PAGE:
Kiss – Music From
FLAC (tracks) 24bit/192kHz | Time – 00:42:47 minutes | 1,81 GB | Genre: Pop/Rock
Studio Masters, Official Digital Download | Front Cover | © UMe Direct 2
The ninth studio album by KISS is, perhaps, most significant for being the band’s greatest misstep. Not the poppy, disco-inflected sheen of Dynasty, and not even the self-implosion of Unmasked could have prepared fans for the overblown, vacuous narcissism of Music From the Elder, which came out on Nov. 10, 1981.
Having lost drummer Peter Criss, who left two months after they started tracking The Elder, KISS hired Eric Carr to take Criss’ place. Feeling the urge to make a bold, larger-than-life statement following the commercial collapse of Unmasked, Kiss decided to come back swinging with hard-hitting songs that resembled their pre-“Love Gun” material.
In addition, the band felt that only an ambitious, concept album would gain them back the credibility they lost when they softened their sound and the respect they never received from mainstream critics. And so, KISS ill-advisably started to craft their version of Pink Floyd’s The Wall – even bringing in The Wall architect Bob Ezrin to produce.
“It’s a movie, in itself, of just absolute folly,” Paul Stanley told me about the release. “It’s us overstepping our goals and tripping over our own feet. I’m not ashamed of it by any means, but that and KISS Meets the Phantom stand out as two examples of us getting off at the wrong exit.”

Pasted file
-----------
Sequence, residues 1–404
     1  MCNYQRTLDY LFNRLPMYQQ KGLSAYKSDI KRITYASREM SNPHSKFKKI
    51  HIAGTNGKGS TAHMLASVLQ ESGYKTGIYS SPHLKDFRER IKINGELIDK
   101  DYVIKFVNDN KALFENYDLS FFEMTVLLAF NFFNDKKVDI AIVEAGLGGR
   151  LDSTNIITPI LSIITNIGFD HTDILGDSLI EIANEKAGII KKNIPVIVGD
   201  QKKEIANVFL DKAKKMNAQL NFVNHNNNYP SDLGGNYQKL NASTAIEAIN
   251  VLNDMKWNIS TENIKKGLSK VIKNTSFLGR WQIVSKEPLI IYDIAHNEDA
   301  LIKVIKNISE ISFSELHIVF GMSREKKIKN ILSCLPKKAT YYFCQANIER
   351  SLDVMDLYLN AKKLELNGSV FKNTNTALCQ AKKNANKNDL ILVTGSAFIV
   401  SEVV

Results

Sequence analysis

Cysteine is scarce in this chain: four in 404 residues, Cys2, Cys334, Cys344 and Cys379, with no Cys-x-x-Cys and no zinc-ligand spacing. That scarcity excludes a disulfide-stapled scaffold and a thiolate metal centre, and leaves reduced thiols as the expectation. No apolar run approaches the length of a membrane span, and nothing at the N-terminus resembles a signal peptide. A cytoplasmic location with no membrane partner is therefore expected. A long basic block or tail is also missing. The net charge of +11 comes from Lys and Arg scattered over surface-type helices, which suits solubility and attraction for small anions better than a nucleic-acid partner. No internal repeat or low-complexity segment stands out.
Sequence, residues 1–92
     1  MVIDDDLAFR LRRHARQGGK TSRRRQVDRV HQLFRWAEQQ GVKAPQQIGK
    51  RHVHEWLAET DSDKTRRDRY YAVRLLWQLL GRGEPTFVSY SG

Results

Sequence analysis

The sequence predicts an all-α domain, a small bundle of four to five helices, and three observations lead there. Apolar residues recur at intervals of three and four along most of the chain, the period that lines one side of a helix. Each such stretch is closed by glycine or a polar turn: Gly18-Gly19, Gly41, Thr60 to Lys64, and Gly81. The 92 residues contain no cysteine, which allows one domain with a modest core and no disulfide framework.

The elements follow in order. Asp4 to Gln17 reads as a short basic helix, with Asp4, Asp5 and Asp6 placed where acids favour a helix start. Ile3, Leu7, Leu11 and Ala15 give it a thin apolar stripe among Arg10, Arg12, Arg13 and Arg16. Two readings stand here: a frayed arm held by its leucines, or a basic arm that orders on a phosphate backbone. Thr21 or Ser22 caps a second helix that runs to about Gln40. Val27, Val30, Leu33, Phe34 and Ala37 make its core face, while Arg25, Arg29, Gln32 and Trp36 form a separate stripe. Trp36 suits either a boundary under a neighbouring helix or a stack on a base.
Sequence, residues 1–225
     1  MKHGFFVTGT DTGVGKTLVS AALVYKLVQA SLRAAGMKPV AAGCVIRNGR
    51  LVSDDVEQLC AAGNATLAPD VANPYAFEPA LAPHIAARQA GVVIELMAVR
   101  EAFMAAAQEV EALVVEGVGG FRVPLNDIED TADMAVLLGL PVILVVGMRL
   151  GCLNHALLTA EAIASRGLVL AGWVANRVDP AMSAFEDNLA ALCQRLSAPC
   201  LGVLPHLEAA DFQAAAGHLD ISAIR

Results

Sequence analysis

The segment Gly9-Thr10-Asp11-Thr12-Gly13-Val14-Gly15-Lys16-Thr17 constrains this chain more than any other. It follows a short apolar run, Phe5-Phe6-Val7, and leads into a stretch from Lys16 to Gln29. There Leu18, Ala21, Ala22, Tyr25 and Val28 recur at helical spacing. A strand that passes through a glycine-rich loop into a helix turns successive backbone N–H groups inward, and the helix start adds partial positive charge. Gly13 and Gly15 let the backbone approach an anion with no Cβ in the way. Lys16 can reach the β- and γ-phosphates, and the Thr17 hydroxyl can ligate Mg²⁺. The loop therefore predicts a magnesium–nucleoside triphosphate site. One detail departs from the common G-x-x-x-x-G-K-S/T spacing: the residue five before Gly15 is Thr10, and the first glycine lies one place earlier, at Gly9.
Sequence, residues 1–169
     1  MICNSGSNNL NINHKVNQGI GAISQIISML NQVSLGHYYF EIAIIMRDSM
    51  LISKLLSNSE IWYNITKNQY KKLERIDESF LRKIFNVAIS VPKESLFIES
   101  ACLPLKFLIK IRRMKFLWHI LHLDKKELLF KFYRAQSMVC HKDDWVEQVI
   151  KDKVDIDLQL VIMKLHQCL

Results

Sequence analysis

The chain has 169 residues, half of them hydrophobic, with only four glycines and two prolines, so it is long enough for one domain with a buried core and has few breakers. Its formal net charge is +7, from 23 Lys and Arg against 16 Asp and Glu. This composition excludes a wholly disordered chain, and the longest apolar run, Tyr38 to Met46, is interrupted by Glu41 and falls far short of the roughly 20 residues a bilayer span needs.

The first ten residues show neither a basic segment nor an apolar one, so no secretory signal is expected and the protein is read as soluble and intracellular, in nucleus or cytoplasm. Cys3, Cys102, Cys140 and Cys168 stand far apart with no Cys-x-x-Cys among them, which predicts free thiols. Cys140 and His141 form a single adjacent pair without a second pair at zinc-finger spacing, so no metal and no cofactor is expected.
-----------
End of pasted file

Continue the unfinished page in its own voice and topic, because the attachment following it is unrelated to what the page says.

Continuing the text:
If KISS intended to make a louder, heavier album than Unmasked they probably shouldn’t have hired the American Symphony Orchestra and St. Robert’s Choir to add symphonic and operatic flavor, let alone incorporate a storyline that makes Lou Reed and Metallica’s Lulu look like The Who’s Tommy.
By the end of 1980, Kiss knew that their next album had to be a strong one, a glorious return to hard rock à la their classic Destroyer. New drummer Eric Carr had refueled the band’s desire to rock, and the quartet began working on a straight-ahead rock album in early 1981. Midway through, the band felt that they were rewriting past songs, and the sessions were aborted. Gene Simmons and Paul Stanley then came up with the idea of recording a concept album, based on a mythical original story by Simmons. Destroyer producer Bob Ezrin was back and encouraged the band’s concept album idea (against both Ace Frehley’s and Carr’s wishes). Simmons and Stanley had high hopes for Music from “The Elder” (such as a movie, an elaborate tour, a follow-up record, etc.), but it completely bombed upon release. The reason? The music is totally uncharacteristic of Kiss — it resembles heavy prog rock for the most part. Some of the songs could have been classics if the pompous and/or hard-to-decipher lyrics were replaced, such as “The Oath,” “Only You,” “I,” and “Just a Boy.” Only two tracks resemble the Kiss of old (Frehley’s “Dark Light” and the instrumental “Escape from the Island”), while the rest is downright embarrassing (“Odyssey,” “A World Without Heroes,” “Under the Rose”). Music from “The Elder” was the final straw for Frehley, who would leave the band in 1982. – Greg Prato
1. Kiss – Fanfare
2. Kiss – Just A Boy
3. Kiss – Odyssey
4. Kiss – Only You
5. Kiss – Under The Rose
6. Kiss – Dark Light
7. Kiss – A World Without Heroes
8. Kiss – The Oath
9. Kiss – Mr. Blackwell
10. Kiss – Escape From The Island
11. Kiss – I